Kentucky chief justice denies Gov. Bevin's motion to remove judge in pension case
Kentucky Chief Justice John Minton has denied Gov. Matt Bevin's request to remove the judge hearing the lawsuit challenging the pension reform bill.
FRANKFORT, Ky. (WDRB) -- Kentucky Chief Justice John Minton has denied Gov. Matt Bevin's request to remove the judge hearing the lawsuit challenging the pension reform bill.
The ruling clears the way for Circuit Judge Phillip Shepherd to hear testimony in the case on Thursday.
Bevin's legal team filed a motion on Tuesday asking Minton to appoint a special judge to decide the pension case and to remove Shepherd. Bevin's attorney Steve Pitt argued in the motion that Shepherd cannot be unbiased, because he is enrolled in the pension system and could be affected by the changes.
Attorney General Andy Beshear is suing to block the pension reform bill, SB 151, which Bevin signed into law. He called Bevin's move,“disrespectful of our entire judicial system.”
Beshear said the move was a stall tactic that came at the expense of 200,000 public employees who are trying to make retirement plans.
“People are upset, and they deserve a quick and final ruling, because at least some of the provisions will go into effect in July,” Beshear said. “I think, out of respect for those families, we ought to have that decision.”
Bevin's office did not respond to request for comment but, in the motion, Pitt said the move is "not intended to delay this matter" but to ensure a "full and fair hearing."
Shepherd is the same judge Bevin insulted in a radio interview last month.
“I now have the most incompetent hack of a judge -- I don't know if in Kentucky -- but certainly one of the worst,” Bevin told Brian Thomas of WKRC radio in Cincinnati on May 8. “This guy is now legislating from the bench.”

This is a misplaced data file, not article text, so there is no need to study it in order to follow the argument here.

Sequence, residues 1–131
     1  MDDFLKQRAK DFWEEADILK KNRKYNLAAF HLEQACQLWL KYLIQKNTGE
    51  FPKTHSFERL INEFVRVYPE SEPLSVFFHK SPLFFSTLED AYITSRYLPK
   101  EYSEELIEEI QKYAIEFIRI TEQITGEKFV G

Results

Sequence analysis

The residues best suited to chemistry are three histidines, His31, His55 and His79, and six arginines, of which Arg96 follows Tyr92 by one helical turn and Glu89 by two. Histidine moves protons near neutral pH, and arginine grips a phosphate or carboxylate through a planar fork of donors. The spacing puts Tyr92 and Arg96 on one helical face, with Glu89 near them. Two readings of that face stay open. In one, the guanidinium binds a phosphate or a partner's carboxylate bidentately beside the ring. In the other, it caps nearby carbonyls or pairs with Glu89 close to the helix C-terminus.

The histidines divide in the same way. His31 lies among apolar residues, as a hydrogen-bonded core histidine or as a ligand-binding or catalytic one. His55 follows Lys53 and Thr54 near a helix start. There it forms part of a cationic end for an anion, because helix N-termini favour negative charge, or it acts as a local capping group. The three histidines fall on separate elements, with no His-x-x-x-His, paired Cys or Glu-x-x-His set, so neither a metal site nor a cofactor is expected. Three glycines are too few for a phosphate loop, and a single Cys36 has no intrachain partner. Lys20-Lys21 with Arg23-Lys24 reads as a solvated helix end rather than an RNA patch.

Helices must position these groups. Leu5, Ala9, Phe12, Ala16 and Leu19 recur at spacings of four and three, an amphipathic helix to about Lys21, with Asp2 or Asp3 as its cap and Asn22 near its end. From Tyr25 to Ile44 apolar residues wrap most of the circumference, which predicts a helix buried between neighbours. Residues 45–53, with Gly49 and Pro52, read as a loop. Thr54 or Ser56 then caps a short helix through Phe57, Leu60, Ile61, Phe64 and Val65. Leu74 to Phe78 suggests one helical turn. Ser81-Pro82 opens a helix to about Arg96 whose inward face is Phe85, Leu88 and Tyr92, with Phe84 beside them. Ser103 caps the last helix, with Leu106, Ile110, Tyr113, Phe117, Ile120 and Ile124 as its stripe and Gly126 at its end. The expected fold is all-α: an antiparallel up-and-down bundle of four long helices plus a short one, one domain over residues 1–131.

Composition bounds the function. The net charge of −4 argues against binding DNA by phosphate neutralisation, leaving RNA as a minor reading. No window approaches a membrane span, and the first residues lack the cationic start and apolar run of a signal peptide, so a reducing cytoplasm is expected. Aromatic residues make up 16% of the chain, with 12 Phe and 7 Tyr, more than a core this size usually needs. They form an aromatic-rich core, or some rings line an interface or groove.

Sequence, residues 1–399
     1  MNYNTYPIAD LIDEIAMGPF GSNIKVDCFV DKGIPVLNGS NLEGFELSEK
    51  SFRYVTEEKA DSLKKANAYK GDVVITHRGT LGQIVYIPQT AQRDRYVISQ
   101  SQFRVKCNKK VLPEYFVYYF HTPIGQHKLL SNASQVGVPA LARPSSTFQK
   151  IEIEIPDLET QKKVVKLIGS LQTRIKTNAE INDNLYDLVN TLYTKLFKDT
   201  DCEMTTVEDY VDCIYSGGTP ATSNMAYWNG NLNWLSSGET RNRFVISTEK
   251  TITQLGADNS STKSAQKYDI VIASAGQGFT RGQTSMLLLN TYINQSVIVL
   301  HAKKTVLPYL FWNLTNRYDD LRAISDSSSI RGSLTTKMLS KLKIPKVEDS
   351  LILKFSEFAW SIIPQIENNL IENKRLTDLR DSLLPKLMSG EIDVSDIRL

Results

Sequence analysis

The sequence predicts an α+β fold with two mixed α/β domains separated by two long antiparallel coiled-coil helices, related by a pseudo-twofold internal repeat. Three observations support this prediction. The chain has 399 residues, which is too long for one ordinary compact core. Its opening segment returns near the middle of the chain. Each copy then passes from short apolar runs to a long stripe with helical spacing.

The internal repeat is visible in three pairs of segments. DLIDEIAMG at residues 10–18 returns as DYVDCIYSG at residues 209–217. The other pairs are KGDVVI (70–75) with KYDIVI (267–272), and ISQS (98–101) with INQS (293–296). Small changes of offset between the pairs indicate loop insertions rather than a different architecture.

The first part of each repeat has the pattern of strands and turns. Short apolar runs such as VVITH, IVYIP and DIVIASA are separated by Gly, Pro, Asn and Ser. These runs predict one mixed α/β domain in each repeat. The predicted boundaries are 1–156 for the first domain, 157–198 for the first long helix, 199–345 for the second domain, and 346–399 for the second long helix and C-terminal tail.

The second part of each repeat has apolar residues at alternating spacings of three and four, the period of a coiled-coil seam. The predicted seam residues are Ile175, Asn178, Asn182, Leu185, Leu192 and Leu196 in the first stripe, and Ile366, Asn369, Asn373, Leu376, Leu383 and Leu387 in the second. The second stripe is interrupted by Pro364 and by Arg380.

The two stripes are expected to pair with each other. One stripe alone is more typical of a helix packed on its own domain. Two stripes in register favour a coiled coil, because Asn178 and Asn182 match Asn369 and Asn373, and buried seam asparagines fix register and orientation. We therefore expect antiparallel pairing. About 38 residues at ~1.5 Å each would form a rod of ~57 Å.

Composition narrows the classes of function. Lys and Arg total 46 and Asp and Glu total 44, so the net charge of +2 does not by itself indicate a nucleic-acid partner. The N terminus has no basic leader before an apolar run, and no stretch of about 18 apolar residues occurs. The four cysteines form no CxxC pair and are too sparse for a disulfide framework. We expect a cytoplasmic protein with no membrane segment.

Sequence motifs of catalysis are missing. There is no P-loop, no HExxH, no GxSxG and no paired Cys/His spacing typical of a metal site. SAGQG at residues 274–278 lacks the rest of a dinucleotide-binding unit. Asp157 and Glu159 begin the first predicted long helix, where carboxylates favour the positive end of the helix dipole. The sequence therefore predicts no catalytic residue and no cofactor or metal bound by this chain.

Beshear said Bevin was grasping at straws since Shepherd earlier denied several of his motions.
“It suggests judge-shopping," Beshear said. "If you're not getting the results that you want early on, try to get a new judge. I don't think that's allowed."
Opponents of the pension reform bill plan to hold a rally outside the Franklin County Courthouse before Thursday's hearing.
Also on Wednesday, State Budget Director John Chilton raised the stakes in the legal battle. Chilton sent a letter to employers in the County Employee Retirement System (CERS) warning that Beshear’s lawsuit threatened to invalidate not only SB 151 but also HB 362, a bill that would phase in increased employer contributions over time.
“The invalidation of HB 362 will have an immediate disastrous effect on CERS employers in the next fiscal year that begins next month,” Chilton wrote.
Chilton further wrote that Bevin's attorneys are “fighting diligently” to uphold both bills.
Here is Minton's full decision:
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